Camden parking authority chair sues over his removal

Posted: July 20, 2014

The now-former chairman of Camden's parking authority is suing the city following his removal last week after it came to light that he was also a city employee, which is forbidden under state statute.

Angel Alamo, who has been a commissioner since 2005, was an employee in the city's finance department as of July 8, according to a resolution to remove him that passed at that night's City Council meeting. State law does not permit authority commissioners, who are not paid, to also work as an officer or employee of the municipality.

Alamo's term was to expire in January 2019. He was reappointed to a sixth one-year term as chair on Jan. 27, 2014.

At Council's meeting last week, three new members were appointed to the five-member commission.

Councilwoman Dana Burley introduced a resolution to fill the vacancy of Sanders Kendrick Jr., who resigned, and appoint Sheila Davis, president of the Lanning Square West Association.

Councilman Arthur Barclay introduced an amendment to Burley's resolution, appointing Shaneka Boucher to fill the seat of Michael B. Jordan, whose term expired September 2013.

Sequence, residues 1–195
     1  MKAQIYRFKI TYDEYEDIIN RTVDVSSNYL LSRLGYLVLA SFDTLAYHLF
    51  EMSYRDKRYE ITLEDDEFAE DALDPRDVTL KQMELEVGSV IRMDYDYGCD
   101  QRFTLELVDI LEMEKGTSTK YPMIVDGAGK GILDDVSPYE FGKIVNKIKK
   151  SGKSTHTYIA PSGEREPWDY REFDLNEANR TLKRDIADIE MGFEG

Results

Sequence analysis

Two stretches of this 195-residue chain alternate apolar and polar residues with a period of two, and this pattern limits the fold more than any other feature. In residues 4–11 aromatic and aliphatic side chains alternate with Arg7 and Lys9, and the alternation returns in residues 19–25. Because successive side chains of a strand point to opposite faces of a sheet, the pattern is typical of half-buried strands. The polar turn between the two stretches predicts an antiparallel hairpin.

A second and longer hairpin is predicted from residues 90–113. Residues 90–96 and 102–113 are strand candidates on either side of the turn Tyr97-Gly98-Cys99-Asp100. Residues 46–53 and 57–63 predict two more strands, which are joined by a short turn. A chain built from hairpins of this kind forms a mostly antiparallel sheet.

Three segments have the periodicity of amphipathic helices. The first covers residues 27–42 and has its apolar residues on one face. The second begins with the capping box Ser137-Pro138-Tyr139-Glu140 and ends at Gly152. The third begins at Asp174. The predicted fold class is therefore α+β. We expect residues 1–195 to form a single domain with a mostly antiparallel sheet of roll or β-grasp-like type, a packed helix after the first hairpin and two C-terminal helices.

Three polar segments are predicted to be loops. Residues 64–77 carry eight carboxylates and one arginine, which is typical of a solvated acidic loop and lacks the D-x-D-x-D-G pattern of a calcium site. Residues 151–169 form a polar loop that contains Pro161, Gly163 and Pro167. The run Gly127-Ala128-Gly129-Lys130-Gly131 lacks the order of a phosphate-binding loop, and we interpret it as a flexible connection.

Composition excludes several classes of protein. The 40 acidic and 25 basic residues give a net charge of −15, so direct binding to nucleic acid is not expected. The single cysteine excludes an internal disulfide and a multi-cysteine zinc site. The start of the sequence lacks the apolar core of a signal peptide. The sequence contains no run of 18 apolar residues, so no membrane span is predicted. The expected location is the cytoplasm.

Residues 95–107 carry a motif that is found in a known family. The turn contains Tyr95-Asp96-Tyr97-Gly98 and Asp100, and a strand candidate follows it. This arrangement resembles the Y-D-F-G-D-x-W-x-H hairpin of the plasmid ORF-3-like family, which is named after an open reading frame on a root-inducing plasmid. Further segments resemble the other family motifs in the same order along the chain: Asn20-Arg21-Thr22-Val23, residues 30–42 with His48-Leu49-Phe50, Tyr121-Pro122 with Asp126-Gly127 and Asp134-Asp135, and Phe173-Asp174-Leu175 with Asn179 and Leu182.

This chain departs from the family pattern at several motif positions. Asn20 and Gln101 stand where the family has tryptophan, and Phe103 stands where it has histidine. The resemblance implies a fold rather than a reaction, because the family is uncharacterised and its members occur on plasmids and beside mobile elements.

Barclay also motioned to replace Alamo with Jose Martinez Jr., a former vice chairman of the city's housing authority, noting that Alamo was a current city employee.

Alamo was hired as a clerk with the finance department on April 21 and resigned July 9, the day after Council's meeting, city records show.

There was some confusion as to whether procedure had been followed at the meeting. The resumes for the three new members were presented to Council members for the first time that night.

"I find this a little rushed," Councilman Brian Coleman said at the meeting. He voted against the resolution, as did Burley, who said at the meeting she was voting "no" because she was unsure whether Council had followed procedure.

City attorney Jason Asuncion declined to comment, citing the litigation, as did Council members.

On Monday, Alamo filed a complaint in Superior Court against the city, saying that Council "illegally and improperly voted to remove" him from his position. The complaint states that the intent to replace him was not made public in advance and that he was given no notice of it or opportunity to be heard.

State statute says commissioners can be removed only "for inefficiency or neglect of duty or misconduct in office," but the law also says a commissioner cannot be a city employee.

Alamo declined to comment. His lawyer, Lori Dvorak, said that regardless of the reason, Alamo was entitled to notice and response.

"He never even got the chance to tell his side of story," Dvorak said. "Our position is, he thinks he was improperly denied the opportunity to come in and speak on his own behalf."

Dvorak confirmed that Alamo had resigned from his clerk position but declined to provide more details.

Commissioners are appointed by Council to serve unpaid terms of five years.


jterruso@phillynews.com

856-779-3876 @juliaterruso

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